Text Box: jazz autographs


Phone: 212-860-5541


Price: $350.00



Scarce autographed and inscribed original Charles Stewart reverse blind stamped 8” x 10” photograph of the jazz saxophonist, clarinetist, composer, arranger, bandleader and innovator of what became Bop, New York, 1963.  The long inscription to bluesman Clyde Robinson states, Dear Clyde, Thanks so much for being a fan of mine.  I hope to give my very best in the future and that I can live up to all your expectations!  Best of luck, Oliver Nelson, New York, 1963.


The short lived Nelson (1932-1975), was one of the few major jazzmen who actually went to Washington University in St. Louis and Lincoln University to study music seriously receiving both a bachelors and masters degrees and studying composition with Elliot Carter, George Tremblay and Robert Wykes.


He began to play sax in public in 1947 at the age of fifteen in local St. Louis bands, the Jeter-Pillars Orchestra and George Hudson and Nat Towles bands, joining Louis Jordan’s band in New York in 1950 and stayed to 1951, there he played sax and arranging charts. The Korean War intervened and he was drafted into the Marines in 1952.  He earned his bachelors degree in 1957 and was so accomplished he gained his master’s degree the following year. 


After his graduation, he returned to New York City playing in Lou Bellson’s Band in 1959, as well as Wild Bill Davis, Coleman Hawkins and Lockjaw Davis’s Bands in 1960 and Duke Ellington and Count Basie’s Orchestras. He also was a regular side man and band leader for small combo recordings and also was the house arranger and bandleader at the Apollo Theater in Harlem.  In 1961 he joined Quincy Jones’s Big Band where he toured the United States and then Europe for the first time. 


In 1961, Nelson began working with the legendary alto saxophonist Eric Dolphy and put together the Oliver Nelson Septet and put out a number of records, such as “Straight Ahead”, “The Blues and the Abstract Truth” (also with Bill Evans) with Nelson’s “Stolen Moments” which became a huge hit and is now a jazz standard. Between Nelson’s academic credentials in music and Dolphy’s private study with composer Gunther Schuller and their technical abilities as musicians, they put together a new sound in the bebop movement that had not been heard before, very different from what Coltrane and Davis were doing at the time.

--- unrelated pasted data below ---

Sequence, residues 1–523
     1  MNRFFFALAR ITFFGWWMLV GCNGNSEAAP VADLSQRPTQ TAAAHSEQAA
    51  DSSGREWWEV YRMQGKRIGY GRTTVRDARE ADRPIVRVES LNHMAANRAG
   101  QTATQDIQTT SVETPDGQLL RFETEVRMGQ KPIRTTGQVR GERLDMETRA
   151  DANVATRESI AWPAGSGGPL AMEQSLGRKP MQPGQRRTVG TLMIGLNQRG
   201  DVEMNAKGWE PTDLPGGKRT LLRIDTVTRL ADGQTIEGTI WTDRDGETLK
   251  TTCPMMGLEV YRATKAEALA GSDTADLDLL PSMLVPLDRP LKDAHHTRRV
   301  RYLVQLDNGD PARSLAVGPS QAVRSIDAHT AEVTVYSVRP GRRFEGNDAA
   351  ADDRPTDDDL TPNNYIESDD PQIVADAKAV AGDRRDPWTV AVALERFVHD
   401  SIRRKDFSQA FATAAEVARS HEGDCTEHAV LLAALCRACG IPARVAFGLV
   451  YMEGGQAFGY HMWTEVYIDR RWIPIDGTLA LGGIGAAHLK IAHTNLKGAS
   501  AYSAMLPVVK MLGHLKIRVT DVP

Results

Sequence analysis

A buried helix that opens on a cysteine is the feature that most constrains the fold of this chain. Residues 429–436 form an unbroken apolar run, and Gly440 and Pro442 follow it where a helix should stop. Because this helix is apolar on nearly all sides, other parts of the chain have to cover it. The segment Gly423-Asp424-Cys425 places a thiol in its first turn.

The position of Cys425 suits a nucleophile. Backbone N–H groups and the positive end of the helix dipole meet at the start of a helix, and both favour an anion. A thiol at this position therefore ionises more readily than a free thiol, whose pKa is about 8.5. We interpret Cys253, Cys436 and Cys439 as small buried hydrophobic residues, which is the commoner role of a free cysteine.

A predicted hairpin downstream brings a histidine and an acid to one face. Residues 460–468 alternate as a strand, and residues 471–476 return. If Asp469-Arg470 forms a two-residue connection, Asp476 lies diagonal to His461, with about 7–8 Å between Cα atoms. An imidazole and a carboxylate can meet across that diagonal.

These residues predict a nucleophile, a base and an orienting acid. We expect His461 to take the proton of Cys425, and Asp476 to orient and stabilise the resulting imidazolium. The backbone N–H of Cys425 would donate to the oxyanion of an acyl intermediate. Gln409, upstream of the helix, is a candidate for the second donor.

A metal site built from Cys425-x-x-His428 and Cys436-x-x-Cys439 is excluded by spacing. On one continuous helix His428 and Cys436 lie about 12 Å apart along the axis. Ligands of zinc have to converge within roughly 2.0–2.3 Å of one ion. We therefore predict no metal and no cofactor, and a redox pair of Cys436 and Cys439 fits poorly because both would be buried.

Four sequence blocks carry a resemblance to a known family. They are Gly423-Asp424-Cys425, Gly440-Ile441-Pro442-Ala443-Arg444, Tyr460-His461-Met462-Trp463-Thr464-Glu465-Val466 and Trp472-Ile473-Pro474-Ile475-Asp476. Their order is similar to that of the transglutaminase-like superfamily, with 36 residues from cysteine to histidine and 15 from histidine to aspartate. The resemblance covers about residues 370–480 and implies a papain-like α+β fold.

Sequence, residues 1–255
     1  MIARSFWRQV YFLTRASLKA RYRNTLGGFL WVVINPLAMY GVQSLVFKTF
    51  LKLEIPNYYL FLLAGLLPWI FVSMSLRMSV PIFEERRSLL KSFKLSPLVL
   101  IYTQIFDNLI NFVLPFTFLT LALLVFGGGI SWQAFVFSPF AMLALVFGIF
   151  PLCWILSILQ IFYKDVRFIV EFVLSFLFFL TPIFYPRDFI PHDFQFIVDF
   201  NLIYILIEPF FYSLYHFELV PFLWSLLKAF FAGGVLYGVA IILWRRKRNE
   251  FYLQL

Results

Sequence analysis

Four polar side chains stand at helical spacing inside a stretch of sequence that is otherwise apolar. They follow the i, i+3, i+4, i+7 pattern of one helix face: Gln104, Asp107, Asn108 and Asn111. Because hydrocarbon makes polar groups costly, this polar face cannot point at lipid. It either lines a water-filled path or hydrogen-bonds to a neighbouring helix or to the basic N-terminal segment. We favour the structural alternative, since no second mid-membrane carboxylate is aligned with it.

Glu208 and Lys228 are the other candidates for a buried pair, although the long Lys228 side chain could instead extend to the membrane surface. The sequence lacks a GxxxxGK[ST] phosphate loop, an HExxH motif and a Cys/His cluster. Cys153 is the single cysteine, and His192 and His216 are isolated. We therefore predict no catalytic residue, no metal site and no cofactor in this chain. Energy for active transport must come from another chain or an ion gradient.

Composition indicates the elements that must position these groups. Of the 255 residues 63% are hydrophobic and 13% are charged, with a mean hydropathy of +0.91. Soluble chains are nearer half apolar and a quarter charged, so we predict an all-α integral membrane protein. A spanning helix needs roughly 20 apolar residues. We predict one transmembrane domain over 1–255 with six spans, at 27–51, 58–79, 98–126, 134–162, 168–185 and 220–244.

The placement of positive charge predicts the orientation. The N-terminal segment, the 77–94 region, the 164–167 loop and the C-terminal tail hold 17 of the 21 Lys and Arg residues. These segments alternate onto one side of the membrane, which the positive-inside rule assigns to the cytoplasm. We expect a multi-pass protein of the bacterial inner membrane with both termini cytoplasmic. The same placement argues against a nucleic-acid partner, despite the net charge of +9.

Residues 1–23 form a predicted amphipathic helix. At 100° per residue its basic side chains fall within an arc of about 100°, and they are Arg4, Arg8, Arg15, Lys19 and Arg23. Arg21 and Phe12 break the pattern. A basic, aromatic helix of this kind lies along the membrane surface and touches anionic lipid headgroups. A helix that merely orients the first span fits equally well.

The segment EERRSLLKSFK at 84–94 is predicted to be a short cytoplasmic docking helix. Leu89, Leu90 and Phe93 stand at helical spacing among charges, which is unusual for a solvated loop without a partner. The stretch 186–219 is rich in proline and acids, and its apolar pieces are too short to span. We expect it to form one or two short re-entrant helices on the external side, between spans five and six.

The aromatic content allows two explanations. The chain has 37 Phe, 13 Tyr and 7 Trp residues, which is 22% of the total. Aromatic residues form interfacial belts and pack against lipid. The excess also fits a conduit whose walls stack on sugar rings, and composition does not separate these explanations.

By 1965, Nelson had let go of most of his performance gigs and concentrated on arranging and composition.  His arrangements were legendary and for legendary performers including, Cannonball Adderly, Gene Ammons, Lockjaw Davis, Thelonius Monk, Buddy Rich, Sonny Rollins and Billy Taylor to name a few.  He also began a career in television music after arranging Sonny Rollins’ themes for the music for the 1966 film, “Alfie”.  He moved to Los Angeles to be near the studios and composed  music for an assortment of hit television series including: “Chase”, “Columbo”, “Ironside”,  “Night Gallery”, “The Six Million Dollar Man”.  He composed the music for the films, “Death of a Gunfighter”, “Skullduggery”, “Dial Hot Line”, “Zig Zag” and “The Alpha Caper” and also arranged the music for the film, “The Last Tango in Paris”.


Nelson also composed some serious classical music, including: a woodwind quintet, a cycle of songs for contralto, “Dirge” for chamber orchestra and “Soundpiece” for contralto and string quartet. (Which was commissioned for the Stuttgart Light Music Festival as “Soundpiece” for jazz orchestra in 1964. His Jazzhattan Suite for Jazz Orchestra was very much in line with Third Stream Jazz that Gunther Schuller was preaching in the late 1950’s.


In the late 1960’s Nelson took several tours to Europe with his septet and also with the State Department to Africa and Asia.  He was the “it” arranger by this point and between his film and television studio work, arranging and touring, at the age of forty three he suffered a massive heart attack and did not recover.


Today, he is best remembered for his two records in 1961 with his septet and Eric Dolphy, as well as his later recordings in the late 1960’s and early 1970’s with his live big band recordings.  His music on these recordings is innovative working within the bebop, modal and rhythm and blues genre.  His playing is skillful and unique at the time.


Charles Stewart (1927-2017) was one of the handful of legendary jazz photographers.  Some of the great he worked with include, Louis Armstrong, Ella Fitzgerald, Charles Mingus, Sonny Rollins and Sarah Vaughan.  His images graced the covers of over 2000 record jackets.